Hero ignored the stupefied guard’s reactions as he gripped the edges of the small hole he had made. With a slight grunt of exertion, he tore a huge portion of the metal and threw the two jagged pieces into the grass. He ignored the blast of heat from the interior and looked in. His heart sank. With the inside of the orb now fully lit, he squinted into the barrier and saw Thomas. The magic keeping her aloft was long gone, and she lay unconscious, shivering at the bottom of the ball.
Hero grabbed the edge of the ball with one hand, his grip crushing the metal, and hefted the ball up. He turned it upside down. David and Krula watched in speechless amazement as Hero caught the unconscious alp and forcefully launched the mass of steel into the field with a reverberant thud. Though he had deposited her coarsely, he cradled her with a surprising amount of tenderness. Hero desperately shook the mage in her arms, whispering to her. Thomas shifted slightly in her sleep at the disturbance, and Hero visibly relaxed, letting out a sigh. His tensed shoulders lowered in relief and he adjusted her into a more comfortable position.
The knight’s breathing was clipped. “I-I didn’t think that this would have happened. I thought she knew what she was doing. I shoulda tried harder to convince her,” Hero managed as he hugged the unconscious mage closer. He carefully walked over to Thomas’s bag, still where she left it. David and Krula watched the lumbering man kneel and bring a woolen blanket out of the bag. The two felt a sick sensation in the pit of their stomach. Silent, they retook their position in front of the castle gates, all humor drained from the two.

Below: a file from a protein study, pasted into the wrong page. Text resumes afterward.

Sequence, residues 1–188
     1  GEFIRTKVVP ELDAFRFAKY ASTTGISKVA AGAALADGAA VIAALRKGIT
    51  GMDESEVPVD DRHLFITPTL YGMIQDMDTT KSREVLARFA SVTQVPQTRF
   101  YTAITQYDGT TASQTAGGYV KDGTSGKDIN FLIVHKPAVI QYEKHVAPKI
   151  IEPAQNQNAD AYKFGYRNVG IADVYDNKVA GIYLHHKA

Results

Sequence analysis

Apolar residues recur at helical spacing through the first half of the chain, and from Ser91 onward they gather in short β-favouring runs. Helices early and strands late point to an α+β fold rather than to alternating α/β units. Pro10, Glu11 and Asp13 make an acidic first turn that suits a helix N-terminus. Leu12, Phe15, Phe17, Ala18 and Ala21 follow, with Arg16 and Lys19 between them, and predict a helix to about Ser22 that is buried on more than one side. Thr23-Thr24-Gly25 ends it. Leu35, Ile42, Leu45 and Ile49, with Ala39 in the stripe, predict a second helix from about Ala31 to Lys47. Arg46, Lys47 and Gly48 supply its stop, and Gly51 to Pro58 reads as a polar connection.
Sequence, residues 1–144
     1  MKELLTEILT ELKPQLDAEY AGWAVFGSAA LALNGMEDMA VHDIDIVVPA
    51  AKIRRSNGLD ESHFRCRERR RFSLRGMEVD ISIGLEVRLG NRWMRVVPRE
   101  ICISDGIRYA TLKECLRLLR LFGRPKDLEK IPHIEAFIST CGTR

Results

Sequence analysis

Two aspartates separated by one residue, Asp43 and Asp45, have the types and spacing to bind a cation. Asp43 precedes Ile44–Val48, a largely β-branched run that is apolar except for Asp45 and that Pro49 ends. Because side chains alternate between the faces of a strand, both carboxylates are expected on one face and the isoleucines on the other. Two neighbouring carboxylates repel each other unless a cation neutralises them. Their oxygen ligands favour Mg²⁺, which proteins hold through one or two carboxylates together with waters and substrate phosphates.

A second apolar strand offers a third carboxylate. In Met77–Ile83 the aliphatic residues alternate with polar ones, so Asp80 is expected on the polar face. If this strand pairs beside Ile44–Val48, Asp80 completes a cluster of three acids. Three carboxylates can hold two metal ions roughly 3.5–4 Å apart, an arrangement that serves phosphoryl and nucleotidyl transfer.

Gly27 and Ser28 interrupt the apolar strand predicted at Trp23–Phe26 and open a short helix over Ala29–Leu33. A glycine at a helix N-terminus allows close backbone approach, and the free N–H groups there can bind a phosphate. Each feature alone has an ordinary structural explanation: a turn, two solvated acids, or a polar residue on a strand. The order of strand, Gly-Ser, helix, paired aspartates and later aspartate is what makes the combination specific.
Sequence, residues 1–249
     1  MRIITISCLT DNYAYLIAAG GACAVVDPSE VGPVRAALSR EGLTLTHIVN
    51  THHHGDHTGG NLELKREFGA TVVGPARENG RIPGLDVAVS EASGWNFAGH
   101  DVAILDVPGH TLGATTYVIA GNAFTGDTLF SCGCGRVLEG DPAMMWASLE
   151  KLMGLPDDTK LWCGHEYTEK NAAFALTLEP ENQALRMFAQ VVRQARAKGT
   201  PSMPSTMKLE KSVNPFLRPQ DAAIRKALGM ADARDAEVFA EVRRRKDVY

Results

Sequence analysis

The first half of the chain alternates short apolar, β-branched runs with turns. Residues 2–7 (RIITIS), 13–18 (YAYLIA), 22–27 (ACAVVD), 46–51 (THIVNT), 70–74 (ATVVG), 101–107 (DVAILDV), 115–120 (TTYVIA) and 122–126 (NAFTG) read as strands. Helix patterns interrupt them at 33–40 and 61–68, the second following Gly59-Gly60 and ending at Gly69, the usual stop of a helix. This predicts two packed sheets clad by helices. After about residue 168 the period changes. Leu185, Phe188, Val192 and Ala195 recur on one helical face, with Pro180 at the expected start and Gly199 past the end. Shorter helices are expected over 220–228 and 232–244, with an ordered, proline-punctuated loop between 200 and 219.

David called out to the slightly shaking knight, “We can call a cleric. Would you like me to? Krula would be fine with running to the city and bringing a medic back, right?” Krula nodded, her ears pressed flat against her head. She already regretted saying anything critical of the mage.
In response to the guard, Hero slung their two bags on his back and shook his head, “She’s alright. I hope. We’ll just go to the city and find the prince.” He didn’t appear to be angry with the two guards and had slightly regained composure.
David nodded, squeezing Krula’s hand, “Alright, we’ll open the gates. If you want, we can probably take you to the prince directly after our shift’s done. We’ll go to this tavern called the Pork Head in probably three hours. It’s right on the corner of the market square, and has a huge sign. You’ll find it.” He ran his hand through his hair and chuckled nervously, the curls bouncing up and down.